1. Should the fiberglass insulation be unfaced since foam board will function as a vapor retarder (and not vapor barrier)?
    2. Would condensation on the outside face of the foam board in the summer (AC on in the house) be an issue?

    Thanks,
    Joe

    1. User avatar
      Dana Dorsett | | #4

      >"Let's assume the fiberglass batts (for 2x4 stud wall) are R-13, and the studs are R-1.2."

      How about we assume something more realistic for the framing, such as R1.2 PER INCH, which would make a 3.5" deep stud R4.2. Adding half-inch polyiso (R3) would reduce the framing fraction heat flow by better than a third, and 3/4" polyiso would cut it by more than half.

      Half inch XPS could eventually drop to about R2.1- which would still be cutting the heat flow through the R4.2 framing fraction by 1/3. Not nothing, but also not great.

      With additional depth added to the stud bay an R13 won't be a compression fit, and the risk of voids and convection paths around the batt are pretty high. If you can tolerate 1" polyiso on the framing and compress an R19s into the 4.5" deep cavity the compressed batt would perform at about R15, and it would be a compression fit, easier to install with minimal voids.

      Alternatively, installing cut'n' cobbled polyiso up against the gypsum sheathing to restore the cavity depth to 3.5", installing R13s would bring the center-cavity R up to R19, almost meeting current code-min on R-value basis, and with the R6 thermal break on the framing it WOULD meet code on a U-factor basis, even with the higher framing fraction of the sistered studs. Better still would be to install R15 batts, which are firmer and easier to scuplt to a perfect fit. With 1" polyiso against the sheathing it would then be R21 at center cavity, meeting code on an R-value basis. If it's worth preserving an extra 1/4" of interior space, with R15 batts it would still meet code min with 3/4" polyiso.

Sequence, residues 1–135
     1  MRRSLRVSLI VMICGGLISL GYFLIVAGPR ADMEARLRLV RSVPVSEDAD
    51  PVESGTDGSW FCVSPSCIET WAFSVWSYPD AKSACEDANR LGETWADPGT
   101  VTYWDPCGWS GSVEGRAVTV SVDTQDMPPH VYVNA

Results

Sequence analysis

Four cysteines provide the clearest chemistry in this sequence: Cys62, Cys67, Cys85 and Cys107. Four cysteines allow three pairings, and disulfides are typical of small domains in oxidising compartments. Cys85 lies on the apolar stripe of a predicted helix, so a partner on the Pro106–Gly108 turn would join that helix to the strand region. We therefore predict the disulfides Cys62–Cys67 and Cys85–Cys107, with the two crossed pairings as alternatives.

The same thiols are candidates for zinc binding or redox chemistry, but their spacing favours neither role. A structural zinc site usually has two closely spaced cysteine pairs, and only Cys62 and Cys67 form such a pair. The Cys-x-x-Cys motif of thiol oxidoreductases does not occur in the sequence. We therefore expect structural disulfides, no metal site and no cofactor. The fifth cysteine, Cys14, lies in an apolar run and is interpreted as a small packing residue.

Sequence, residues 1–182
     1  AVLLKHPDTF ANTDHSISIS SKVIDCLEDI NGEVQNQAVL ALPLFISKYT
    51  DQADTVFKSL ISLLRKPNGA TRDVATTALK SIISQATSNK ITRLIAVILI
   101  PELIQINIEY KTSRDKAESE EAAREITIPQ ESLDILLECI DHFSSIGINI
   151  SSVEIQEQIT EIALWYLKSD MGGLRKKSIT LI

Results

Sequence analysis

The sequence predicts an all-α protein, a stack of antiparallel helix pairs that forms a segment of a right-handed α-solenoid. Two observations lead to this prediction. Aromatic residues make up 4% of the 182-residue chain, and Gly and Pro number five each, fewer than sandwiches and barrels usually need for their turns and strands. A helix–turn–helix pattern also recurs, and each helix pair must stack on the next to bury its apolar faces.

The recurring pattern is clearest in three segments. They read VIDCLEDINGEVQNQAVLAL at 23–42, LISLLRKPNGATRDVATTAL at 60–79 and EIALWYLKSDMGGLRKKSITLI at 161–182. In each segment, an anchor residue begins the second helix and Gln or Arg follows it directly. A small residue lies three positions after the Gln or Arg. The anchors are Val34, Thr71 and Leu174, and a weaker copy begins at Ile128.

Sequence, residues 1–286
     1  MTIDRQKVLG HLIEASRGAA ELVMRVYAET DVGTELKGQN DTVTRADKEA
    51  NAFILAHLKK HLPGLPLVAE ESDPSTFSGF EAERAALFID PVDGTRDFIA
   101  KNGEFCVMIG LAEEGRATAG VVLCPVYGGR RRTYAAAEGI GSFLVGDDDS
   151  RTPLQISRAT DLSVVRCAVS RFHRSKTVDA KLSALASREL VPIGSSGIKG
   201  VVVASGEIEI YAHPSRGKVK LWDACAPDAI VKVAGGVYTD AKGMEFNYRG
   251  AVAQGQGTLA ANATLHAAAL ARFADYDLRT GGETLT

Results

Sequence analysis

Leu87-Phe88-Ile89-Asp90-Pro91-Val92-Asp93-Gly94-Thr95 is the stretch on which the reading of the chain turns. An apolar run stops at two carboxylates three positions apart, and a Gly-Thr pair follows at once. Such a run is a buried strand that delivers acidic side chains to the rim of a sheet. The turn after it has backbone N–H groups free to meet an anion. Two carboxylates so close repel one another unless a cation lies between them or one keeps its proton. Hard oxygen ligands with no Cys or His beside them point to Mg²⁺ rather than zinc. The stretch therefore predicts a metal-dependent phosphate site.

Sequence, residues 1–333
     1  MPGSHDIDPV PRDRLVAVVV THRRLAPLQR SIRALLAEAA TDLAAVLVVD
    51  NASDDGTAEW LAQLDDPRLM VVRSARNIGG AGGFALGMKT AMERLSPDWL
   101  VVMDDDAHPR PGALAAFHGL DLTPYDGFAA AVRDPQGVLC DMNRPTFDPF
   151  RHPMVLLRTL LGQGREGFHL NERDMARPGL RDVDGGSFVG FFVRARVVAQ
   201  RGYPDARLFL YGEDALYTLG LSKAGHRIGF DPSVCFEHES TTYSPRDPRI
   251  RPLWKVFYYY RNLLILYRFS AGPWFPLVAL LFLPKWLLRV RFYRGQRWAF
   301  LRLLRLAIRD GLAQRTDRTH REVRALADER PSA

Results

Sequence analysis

There's nothing wrong with going for code-minimum here, and putting vapor retardent foam board against the ultra-vapor-open gypsum sheathing will mitigate summertime moisture accumulation in the finish wall when air conditioning, and other issues related to the high exterior moisture drive of the
      masonry cladding. The exterior grade gypsum sheathing is highly tolerant of that moisture, but the interior side wallboard is not.

      If you haven't yet seen it, check out this video on how to make very clean precise cuts of foam board with minimal mess & fuss:

      https://www.finehomebuilding.com/2009/01/29/theres-a-better-way-cutting-rigid-insulation

      While the stud bays are still open, take the time to caulk the framing to the sheathing the full perimeter of each stud bay, and between the sistered studs with polyurethane caulk, as well as any other doubled-up framing such as top plates, jack studs, window headers, etc, as well as where the bottom plate meets the subfloor, etc. If there are any horizontal seams in the sheathing, tape them with housewrap tape before insulating.

      1. FluxCapacitor | | #12

        Great tip on the “custom” insulation cutter.

        I will definitely give that a try for my basement and rim joist insulation project.

        1. Matt F | | #14